Travel and Points Q&A with Blogger Brian Kelly

By Jeremy Del Nero on 7 March 2014
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If one person were to be crowned king of points and miles strategies, it could very well be Brian Kelly.

Only three and a half years ago, while a recruiter for Morgan Stanley, he started his blog, the Points Guy, and recently began blogging full time.

Brian sat down with us and let us in on some of his rituals, strategies, tips, and peeves about points and traveling, as well as his insights into the world of points and miles blogging.


When he was eleven years old, Brian began assisting his frequent flyer father, a health care consultant and road warrior, by managing his points and miles.  By the age of 12, Brian had booked his family’s first of what would become a regular trip to the Cayman Islands.

After graduating from the University of Pittsburgh in 2005, Brian took a position as an executive trainee and assistant buyer at Lord & Taylor.  In a year, he moved up to a managerial position.

In 2007, Brian began work for Morgan Stanley as a recruiter, this time flying thousands of miles and watching his points accumulate.  He quickly became a master at managing and maximizing his points and award redemptions.  Leveraging these skills, he decided to start a blog, naming it the Points Guy.  Alongside the blog, he also began to counsel people, for a modest $50 per ticket, on how to get the most out of their award redemptions.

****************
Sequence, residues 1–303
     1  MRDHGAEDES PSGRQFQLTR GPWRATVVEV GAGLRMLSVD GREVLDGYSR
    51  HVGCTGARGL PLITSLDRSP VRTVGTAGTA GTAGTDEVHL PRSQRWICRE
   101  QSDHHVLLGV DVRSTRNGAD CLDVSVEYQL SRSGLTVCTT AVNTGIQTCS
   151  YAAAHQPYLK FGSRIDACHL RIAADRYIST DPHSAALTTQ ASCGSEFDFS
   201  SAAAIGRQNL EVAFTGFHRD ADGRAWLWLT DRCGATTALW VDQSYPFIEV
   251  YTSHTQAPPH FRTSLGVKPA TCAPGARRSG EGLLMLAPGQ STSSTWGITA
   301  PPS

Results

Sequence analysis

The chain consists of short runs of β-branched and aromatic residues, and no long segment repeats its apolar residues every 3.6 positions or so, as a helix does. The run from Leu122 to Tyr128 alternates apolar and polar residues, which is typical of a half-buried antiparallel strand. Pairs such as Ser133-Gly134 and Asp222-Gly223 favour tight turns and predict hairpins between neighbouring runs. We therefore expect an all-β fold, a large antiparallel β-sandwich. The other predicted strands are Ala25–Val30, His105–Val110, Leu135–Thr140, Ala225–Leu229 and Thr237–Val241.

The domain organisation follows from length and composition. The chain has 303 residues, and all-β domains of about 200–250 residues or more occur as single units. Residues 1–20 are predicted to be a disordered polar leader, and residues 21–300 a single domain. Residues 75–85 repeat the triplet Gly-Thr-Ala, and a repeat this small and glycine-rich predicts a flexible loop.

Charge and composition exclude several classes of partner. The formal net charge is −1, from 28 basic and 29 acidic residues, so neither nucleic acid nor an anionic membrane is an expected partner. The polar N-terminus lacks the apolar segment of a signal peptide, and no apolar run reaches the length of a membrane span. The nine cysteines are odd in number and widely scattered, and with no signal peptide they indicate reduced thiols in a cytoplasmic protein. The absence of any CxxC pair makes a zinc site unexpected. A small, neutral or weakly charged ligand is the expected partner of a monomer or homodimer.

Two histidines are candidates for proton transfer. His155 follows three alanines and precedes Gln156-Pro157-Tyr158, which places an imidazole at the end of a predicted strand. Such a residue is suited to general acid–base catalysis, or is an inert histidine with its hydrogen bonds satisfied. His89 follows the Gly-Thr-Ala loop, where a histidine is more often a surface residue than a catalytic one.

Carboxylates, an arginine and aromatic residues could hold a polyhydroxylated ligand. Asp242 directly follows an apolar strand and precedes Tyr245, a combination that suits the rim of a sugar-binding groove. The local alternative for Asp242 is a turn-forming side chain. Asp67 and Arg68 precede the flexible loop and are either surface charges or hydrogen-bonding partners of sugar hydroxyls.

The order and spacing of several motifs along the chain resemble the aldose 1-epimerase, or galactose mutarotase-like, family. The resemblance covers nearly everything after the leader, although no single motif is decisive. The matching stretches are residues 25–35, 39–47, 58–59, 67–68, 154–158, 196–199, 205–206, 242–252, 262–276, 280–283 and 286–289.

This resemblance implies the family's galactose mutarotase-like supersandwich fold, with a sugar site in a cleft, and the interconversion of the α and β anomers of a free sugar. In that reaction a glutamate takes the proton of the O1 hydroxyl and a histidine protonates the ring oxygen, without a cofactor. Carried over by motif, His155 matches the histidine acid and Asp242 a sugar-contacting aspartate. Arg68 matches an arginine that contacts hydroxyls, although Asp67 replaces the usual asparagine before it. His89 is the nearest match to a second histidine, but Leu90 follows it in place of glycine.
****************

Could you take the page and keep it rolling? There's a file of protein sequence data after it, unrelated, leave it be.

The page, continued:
After 11 months of blogging, Brian was featured in the New York Times and the revenue he was earning from credit card company ads and links was enough to allow him to leave his job at Morgan Stanley and blog full time.  That was just two and a half years ago.  Now, Brian manages a small team and frequently posts multiple blog entries per day.


“Blogging is new age journalism,” said Brian when we asked him about the difference between his blog and a news site.  “I’m more of an entrepreneur than a journalist.  I run a small publication and my roles include editor, writer, and publicist.”

As many of us do, Brian craves information, and mused about scrolling through Twitter on a regular basis to make sure he hasn’t missed anything of significance.

Brian enjoys blogs for their personal narrative, and cited this as a reason he subscribes to Gawker for news.  “I want the personal aspect – real people.” His desire for personalized content, however, does come at a cost.

Managing the timing of stories and maintaining a healthy balance of breaking news and personal content are two of Brian’s biggest challenges. “It takes a lot longer than people realize to put together personal things, like my most recent Emirates trip.”

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